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July 9, 2004

Two Upstate editorial pages join opposition to forced-purchase energy mandate

Two key upstate New York newspapers have editorialized against a proposed state-government mandate that would require individuals and businesses to buy electricity from costly renewable sources.

"New York's Public Service Commission should dismiss New York administrative law Judge Eleanor Stein's recommendation that by the year 2013, fully 25 percent of retail electricity sales come from renewable sources," the Ithaca Journal wrote in "Cautious approach: Good intentions, unrealistic solution," a July 7 editorial.

On the same day, the Buffalo News voiced strong doubts about the proposal. "Count us among the skeptics," it editorialized in "Unintended consequences: Having once made a disastrous mistake Albany plans to again manipulate energy."

The "recommended decision" issued by the administrative law judge in early June urged the PSC to mandate that 25 percent of the electricity bought by consumers and businesses come from renewable sources-power that is generally more costly than electricity generated by conventional energy sources. The 25 percent renewable-energy standard was first proposed by Governor Pataki in January 2003.

The Business Council supports renewable power, but staunchly opposes any forced-purchase mandate because it would inflate electricity costs that are already above average-by 45 percent for commercial ratepayers and 70 percent for residential ratepayers, according to the latest federal data.

"Is the 25 percent goal attainable? Perhaps," the Journal's editorial continued. "But it would be irresponsible to gamble the well-being of New York residents and the health of the state's economy before it is clearly proven that such additional renewable energy sources can reliably meet an additional 8 percent of the electricity demand at a reasonable market rate."

The Journal said there are good reasons to develop renewable energy, and that tax breaks for utilities that embraced these technologies "could serve as a strong incentive to accelerate energy production from renewable sources."

But it added: "For the immediate future, dependence on coal and other non-renewable sources must continue until renewable sources are developed to the point where they are economical, reliable and bountiful enough to supply residential and commercial needs."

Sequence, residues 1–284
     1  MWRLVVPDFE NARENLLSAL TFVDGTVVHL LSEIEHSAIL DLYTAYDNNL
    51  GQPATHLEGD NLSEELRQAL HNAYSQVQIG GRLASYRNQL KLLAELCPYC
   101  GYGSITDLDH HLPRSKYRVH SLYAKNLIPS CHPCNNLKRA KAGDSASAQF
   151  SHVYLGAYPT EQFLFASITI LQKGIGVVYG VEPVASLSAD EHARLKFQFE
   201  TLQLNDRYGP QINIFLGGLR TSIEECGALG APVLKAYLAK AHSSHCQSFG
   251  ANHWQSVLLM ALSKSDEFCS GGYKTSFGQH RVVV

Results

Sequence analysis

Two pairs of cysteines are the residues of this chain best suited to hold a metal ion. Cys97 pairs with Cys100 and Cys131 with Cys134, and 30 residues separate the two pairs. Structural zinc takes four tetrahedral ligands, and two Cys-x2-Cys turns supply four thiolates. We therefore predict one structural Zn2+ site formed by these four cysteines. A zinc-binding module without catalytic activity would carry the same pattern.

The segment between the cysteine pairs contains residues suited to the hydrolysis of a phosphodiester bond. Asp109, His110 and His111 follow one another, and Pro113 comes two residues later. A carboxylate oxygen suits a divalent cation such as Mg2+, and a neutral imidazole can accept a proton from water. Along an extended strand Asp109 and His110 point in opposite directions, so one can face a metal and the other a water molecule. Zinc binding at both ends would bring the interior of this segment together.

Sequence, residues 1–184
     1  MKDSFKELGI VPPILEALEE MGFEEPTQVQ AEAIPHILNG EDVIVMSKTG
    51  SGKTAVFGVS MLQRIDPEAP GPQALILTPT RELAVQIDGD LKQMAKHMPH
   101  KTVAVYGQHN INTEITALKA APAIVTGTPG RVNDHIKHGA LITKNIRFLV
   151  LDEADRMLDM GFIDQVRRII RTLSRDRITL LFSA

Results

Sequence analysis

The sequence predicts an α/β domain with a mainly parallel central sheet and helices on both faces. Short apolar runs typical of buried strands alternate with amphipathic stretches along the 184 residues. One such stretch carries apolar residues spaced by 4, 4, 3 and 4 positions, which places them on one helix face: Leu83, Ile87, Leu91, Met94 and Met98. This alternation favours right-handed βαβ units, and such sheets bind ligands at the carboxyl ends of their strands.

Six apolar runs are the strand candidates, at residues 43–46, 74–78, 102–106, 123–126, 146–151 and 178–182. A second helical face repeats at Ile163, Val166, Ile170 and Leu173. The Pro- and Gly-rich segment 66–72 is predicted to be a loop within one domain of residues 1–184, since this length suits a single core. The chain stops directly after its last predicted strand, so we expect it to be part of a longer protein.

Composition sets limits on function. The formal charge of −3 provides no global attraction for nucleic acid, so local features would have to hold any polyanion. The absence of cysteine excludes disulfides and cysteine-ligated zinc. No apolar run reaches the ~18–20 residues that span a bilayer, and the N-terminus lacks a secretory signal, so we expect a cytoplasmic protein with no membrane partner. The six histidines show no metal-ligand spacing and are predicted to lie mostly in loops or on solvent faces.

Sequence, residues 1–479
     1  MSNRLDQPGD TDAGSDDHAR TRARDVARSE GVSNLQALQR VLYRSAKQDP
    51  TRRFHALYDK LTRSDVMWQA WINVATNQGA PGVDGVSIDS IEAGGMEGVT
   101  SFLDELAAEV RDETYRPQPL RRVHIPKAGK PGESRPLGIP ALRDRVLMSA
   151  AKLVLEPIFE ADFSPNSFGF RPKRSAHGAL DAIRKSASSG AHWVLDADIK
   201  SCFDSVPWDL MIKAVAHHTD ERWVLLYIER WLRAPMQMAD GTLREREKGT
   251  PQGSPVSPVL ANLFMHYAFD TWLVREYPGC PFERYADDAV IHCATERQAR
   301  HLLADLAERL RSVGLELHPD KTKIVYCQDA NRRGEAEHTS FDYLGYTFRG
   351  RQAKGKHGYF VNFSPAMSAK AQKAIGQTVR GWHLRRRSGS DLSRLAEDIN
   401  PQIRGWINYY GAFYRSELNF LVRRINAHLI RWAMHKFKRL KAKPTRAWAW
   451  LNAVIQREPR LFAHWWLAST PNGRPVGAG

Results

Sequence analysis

"Mandating that a quarter of the state's power come from as yet unproven sources is not only unrealistic, it could inflict significant damage on the state's economy and the ability of everyday residents to afford living here," it concluded. "Albany should understand by now that unfunded mandates represent a foolish, destructive approach to government."

The News said potential benefits from renewable power to not justify a mandate to buy it, and agreed with the Journal that incentives to use renewable power are preferable to mandates.

"New York exists in the real world, one in which it habitually places itself at a competitive disadvantage," the News' editorial said. "The mandate to increase New York's consumption of renewable energy to 25 percent in the next 10 years is a gamble that could easily backfire."

The editorial warned that the recommended decision's estimate of likely cost increases may be law, citing the state's "disastrous '6-cent law,'" in which an inaccurate prediction of cost trends by state lawmakers eventually forced ratepayers to bear substantially higher energy costs than market forces would have created. "So much for government's ability to manage markets," the News wrote.

"Skeptics worry that government has no track record at creating demand, and that the mandate is more likely to create adverse unintended consequences - as in the 6-cent law - than it is to produce the intended result," the editorial said. "New York's track record in this regard inspires no confidence. What is more, the costs of living and doing business in this state are so far above the national average that any plan to raise those costs, whatever their benefits, need to be considered carefully - far more carefully than this proposal has."

The Binghamton Press & Sun Bulletin expressed reservations about the proposal in a June 11 editorial, citing arguments from The Business Council about the shortsightedness of increasing energy costs at a time when New York has long been hemorrhaging jobs.

That editorial, “Energy Alternatives,” saw value in a strong commitment to renewable power and in New York being a leader in that quest, but added: “As New York hobbles along in the valley of debt, perhaps it should yield that progressive thinking title to the federal government.”